The inscriptions are occasionally given in a Greek version after the Palmyrene. This is particularly the case in the honorary inscriptions written on Corinthian columns that were ranged along the principal streets, or stood in the porticos of the temples and of the agora. On the column there is a bracket for the statue to which the text refers. Two examples of this kind of inscription are “The council and people have made these two statues of Bariki son of Amrisa son of Yarhibola, and of Moqimu his son, lovers of the city and fearers of the gods: to their honor. In the month Nisan, the year 450” (139 CE), and “This statue is that of Taimarṣu son of Taima son of Moqimu Garba, chief of the caravan, which has been made for him by the members of the caravan who came up with him from Charax, because he saved them (their) expenses, three hundred denarii of gold, ancient currency, and was well pleasing to them: to his honor, and to the honor of Yaddai and Abdibol his sons. In the month Nisan, the year 504” (193 CE).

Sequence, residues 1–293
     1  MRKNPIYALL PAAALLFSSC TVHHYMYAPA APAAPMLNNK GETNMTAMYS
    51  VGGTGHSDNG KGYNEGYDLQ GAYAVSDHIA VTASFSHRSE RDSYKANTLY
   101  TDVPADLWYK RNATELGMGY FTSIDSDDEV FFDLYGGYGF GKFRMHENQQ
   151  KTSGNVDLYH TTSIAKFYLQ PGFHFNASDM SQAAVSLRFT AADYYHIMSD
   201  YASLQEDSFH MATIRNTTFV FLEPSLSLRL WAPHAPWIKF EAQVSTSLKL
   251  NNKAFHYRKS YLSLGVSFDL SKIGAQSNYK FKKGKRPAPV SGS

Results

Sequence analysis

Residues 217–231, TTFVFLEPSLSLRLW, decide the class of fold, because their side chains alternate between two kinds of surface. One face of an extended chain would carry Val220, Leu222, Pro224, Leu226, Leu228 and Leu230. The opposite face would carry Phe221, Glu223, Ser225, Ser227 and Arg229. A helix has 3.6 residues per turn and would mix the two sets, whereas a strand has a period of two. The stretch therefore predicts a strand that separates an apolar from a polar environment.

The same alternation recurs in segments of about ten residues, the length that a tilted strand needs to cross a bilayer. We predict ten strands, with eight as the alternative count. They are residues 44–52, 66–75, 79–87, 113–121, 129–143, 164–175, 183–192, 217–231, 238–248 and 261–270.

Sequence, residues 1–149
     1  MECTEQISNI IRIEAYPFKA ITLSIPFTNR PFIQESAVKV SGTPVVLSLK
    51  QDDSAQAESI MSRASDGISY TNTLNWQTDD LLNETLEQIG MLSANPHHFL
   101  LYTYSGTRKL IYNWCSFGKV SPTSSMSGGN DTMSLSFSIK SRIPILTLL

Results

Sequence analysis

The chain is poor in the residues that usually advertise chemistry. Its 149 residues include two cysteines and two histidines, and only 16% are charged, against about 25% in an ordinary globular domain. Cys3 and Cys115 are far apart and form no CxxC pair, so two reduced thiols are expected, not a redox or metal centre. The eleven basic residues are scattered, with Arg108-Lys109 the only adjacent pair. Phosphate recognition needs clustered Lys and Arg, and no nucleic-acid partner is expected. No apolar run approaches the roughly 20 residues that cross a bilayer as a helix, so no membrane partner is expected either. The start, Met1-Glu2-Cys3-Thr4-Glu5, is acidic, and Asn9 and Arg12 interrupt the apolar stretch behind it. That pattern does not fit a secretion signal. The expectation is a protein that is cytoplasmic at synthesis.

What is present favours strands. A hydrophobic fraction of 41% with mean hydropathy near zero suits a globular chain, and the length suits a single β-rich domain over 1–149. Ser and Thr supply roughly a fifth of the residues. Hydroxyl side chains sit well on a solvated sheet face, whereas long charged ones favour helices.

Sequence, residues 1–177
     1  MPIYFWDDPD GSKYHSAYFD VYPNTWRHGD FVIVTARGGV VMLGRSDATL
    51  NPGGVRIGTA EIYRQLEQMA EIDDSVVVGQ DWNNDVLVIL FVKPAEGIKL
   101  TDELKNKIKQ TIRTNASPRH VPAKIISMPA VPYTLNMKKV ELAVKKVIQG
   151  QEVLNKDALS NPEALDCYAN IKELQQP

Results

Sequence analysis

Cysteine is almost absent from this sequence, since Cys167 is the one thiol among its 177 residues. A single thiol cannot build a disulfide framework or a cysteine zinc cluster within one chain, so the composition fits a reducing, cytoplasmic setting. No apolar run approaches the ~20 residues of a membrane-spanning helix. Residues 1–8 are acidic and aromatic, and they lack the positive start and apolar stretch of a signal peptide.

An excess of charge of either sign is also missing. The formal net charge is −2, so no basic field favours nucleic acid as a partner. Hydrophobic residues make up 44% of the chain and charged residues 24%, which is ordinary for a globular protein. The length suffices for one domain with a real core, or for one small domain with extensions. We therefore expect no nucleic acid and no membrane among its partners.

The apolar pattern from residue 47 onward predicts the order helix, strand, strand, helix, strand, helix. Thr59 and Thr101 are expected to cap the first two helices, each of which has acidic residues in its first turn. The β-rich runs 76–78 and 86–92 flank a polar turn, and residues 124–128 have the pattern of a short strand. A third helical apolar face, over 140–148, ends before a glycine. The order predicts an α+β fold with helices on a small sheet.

Tombs at Palmyra showed formal variation according to period and resources. The inscriptions outside the hypogea and in the tower tombs are often bilingual, whereas within they are only in Palmyrene. Votive inscriptions are rarely bilingual. The following text is an example of a Palmyrene votive text, commemorating the gift of a column to a deity: “In the month Tebet, the year 363, Amtallat daughter of Bara a son of Attenatan, from the tribe of the Bene Mitha, wife of Taima son of Belhazai son of Zabdibel, from the tribe of the Bene Maazin, dedicated this column to Baal Shamen, the good and bountiful god, for her and the lives of her sons and brothers” (52 CE).
The Palmyrene script is a modified form of the elegant cursive used in the Persian chancelleries, and in many respects it approximates Hebrew square characters. The scribes carved their texts on the local limestone, using either the lapidary or the cursive technique, the former being close to the model of Greek epigraphic letters. No major changes are noticeable in either of the script types during the four centuries they were in use.